skip to Main Content

Choose your language to translate the website

Please note that the translation is provided by Google translation and might not be 100% accurate, especially for specific terms.
In case of doubt, please refer to the English version.

The European voice for informal carers

To act as a voice for informal carers, irrespective of their age or the particular health and care need of the person they are caring for.

Our mission

Eurocarers brings together carers’ organisations as well as relevant universities & research institutes – a unique combination that enables evidence-based advocacy. Our network works to ensure that care is valued and unpaid care is recognised as central to the sustainability of health and long term care systems. We believe that carers’ know-how and needs are worth listening to and people should have the right to choose freely whether they want to be a carer, and to what extent they want to be involved in caring. Our aim is therefore to act as a voice for informal carers, irrespective of their age or the particular health need of the person they are caring for by:

  • Documenting and raising awareness about the significant contribution made by carers to health and social care systems and the economy as a whole, and of the need to safeguard this contribution;
  • Ensuring that EU and national policies take account of carers, i.e. promote their social inclusion, the development of support services, enable them to remain active in paid employment and maintain a social life.

We call for the development of an ambitious and comprehensive EU-level initiative that would address the various challenges facing carers throughout Europe by encouraging member states to recognise and support their significant contribution to care systems and society as a whole. A description of our vision for such an initiative is summarised in the document ‘Enabling Carers to Care‘.

For more information about our activities, please download our Annual Report 2017.

Eurocarers Statutes & Internal Rules

Download the Eurocarers Statutes: FREN

Download the Eurocarers Internal Rules: EN

Guiding principles

Due to demographic factors and developments in medical care and social support an increasing number of people require long term care.

Approximately 80% of this care is provided by spouses, relatives and friends. Without the work of these unpaid carers, formal care systems would be totally unsustainable and many acute needs would remain unattended to. Yet carers receive little recognition for the valuable work they do. Policies to support them, although under development in many countries, are still far from adequate.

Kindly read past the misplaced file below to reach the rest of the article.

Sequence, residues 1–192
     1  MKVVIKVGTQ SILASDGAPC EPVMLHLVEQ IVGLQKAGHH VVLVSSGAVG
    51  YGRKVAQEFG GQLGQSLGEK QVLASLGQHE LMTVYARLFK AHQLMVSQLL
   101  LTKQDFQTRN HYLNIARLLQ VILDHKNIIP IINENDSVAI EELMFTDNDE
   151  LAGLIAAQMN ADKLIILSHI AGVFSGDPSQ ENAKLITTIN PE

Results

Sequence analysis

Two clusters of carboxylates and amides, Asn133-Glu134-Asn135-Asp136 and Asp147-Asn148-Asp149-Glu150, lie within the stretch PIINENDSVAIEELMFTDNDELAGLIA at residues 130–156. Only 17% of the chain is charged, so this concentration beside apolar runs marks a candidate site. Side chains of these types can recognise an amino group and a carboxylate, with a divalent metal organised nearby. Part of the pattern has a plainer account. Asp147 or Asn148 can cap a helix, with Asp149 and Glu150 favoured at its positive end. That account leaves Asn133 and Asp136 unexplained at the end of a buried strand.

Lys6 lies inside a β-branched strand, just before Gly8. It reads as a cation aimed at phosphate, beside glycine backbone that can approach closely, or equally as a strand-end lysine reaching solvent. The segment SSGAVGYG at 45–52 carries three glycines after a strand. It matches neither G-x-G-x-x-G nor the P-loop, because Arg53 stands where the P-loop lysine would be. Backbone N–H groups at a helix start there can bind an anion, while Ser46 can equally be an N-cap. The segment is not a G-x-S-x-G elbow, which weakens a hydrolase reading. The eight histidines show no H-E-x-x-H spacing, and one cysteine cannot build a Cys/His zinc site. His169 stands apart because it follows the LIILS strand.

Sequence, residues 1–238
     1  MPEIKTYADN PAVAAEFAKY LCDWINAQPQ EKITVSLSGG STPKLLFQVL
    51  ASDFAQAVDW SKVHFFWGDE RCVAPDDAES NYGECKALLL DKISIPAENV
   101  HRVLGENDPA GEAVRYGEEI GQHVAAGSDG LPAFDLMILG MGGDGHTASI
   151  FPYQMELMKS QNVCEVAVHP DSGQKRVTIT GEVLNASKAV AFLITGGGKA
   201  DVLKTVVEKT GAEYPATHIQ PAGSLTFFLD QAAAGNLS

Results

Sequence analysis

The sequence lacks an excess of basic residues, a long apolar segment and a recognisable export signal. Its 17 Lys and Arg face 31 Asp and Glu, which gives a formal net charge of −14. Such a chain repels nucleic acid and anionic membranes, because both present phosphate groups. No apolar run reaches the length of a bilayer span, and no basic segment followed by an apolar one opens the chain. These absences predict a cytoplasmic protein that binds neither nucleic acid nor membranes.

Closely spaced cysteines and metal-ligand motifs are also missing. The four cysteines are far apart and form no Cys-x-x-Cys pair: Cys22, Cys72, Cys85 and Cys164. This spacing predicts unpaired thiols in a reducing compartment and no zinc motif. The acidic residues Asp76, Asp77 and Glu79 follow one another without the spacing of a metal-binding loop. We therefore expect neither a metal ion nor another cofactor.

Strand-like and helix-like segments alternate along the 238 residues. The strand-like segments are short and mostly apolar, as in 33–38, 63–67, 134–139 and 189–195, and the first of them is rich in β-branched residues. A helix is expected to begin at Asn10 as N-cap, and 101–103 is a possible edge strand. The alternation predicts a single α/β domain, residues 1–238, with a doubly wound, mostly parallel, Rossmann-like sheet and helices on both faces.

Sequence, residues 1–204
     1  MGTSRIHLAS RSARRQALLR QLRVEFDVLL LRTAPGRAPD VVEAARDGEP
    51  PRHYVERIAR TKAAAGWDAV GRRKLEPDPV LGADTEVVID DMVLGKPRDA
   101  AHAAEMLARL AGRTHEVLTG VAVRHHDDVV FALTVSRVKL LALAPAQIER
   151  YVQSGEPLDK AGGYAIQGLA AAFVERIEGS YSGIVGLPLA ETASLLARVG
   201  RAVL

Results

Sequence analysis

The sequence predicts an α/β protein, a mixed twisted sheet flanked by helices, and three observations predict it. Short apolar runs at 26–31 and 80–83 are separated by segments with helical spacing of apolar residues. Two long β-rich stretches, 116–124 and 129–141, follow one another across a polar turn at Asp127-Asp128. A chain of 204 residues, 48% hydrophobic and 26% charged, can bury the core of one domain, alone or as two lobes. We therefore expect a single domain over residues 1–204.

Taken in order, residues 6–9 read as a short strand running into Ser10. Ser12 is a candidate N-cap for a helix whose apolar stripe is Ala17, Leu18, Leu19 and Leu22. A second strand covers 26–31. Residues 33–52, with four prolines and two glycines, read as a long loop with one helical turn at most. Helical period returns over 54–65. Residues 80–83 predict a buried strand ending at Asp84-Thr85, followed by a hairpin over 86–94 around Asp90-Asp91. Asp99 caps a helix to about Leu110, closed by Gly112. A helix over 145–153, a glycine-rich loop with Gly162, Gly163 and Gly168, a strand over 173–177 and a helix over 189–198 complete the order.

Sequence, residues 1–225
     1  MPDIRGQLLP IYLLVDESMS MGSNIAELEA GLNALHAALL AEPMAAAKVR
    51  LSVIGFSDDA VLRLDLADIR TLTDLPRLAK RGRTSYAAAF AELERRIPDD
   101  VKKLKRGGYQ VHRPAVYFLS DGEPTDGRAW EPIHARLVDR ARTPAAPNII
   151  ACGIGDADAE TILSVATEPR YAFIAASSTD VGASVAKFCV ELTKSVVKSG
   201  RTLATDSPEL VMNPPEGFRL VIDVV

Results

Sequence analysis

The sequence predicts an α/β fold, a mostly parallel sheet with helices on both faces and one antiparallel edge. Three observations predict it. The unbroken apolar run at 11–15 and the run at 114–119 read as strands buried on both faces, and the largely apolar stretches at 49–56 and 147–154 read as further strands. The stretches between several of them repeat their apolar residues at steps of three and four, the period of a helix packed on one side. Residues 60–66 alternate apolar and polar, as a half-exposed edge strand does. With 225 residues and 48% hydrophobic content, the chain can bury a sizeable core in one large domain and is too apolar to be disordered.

EUROCARERS, the European Association Working for Carers, has adopted ten principles which serve to strengthen the position of carers. EUROCARERS strives for the implementation of these principles in all policy areas relevant to carers and at the same time uses them as guidance for its own actions.

10 Guiding Principles

Principle 1: Recognition

Carers should be recognised for the central role they play in community care, and this recognition should be reflected in all policies having effect on carers.

Principle 2: Social Inclusion

Carers have a right to a social life.

Principle 3: Equality of opportunity

Carers should have equal opportunities in all spheres of life.

Principle 4: Choice

People should have the right to choose freely whether they want to be a carer, and to what extent they want to be involved in caring; people needing care should have the right to choose who they wish to be their carers.

Principle 5: Information

Carers should have easy access to the information, guidance, advocacy, advice and training they desire – fitting to the stage of their carer’s career.

Principle 6: Support

Carers need financial, practical and emotional support in their role as carers as well as access to needed formal care that is available and affordable.

Principle 7: Time off

Carers should have the opportunity of taking time off. Therefore, adequate relief i.e. respite care arrangements, acceptable both to the carer and the cared for person, must be readily available and tailored to carers’ needs.

Principle 8: Compatibility of care and employment

Carers should have the possibility to combine caring with paid employment. This presupposes labour market policies that allow for caring activities as well as formal care available during working hours.

Principle 9: Health promotion and protection

Carers’ own health care needs should be recognised.

Principle 10: Financial security

Carers should be covered by social security schemes such as income replacement benefits, accident insurance and old age pensions, in order to avoid impoverishment as a consequence of caring.

Back To Top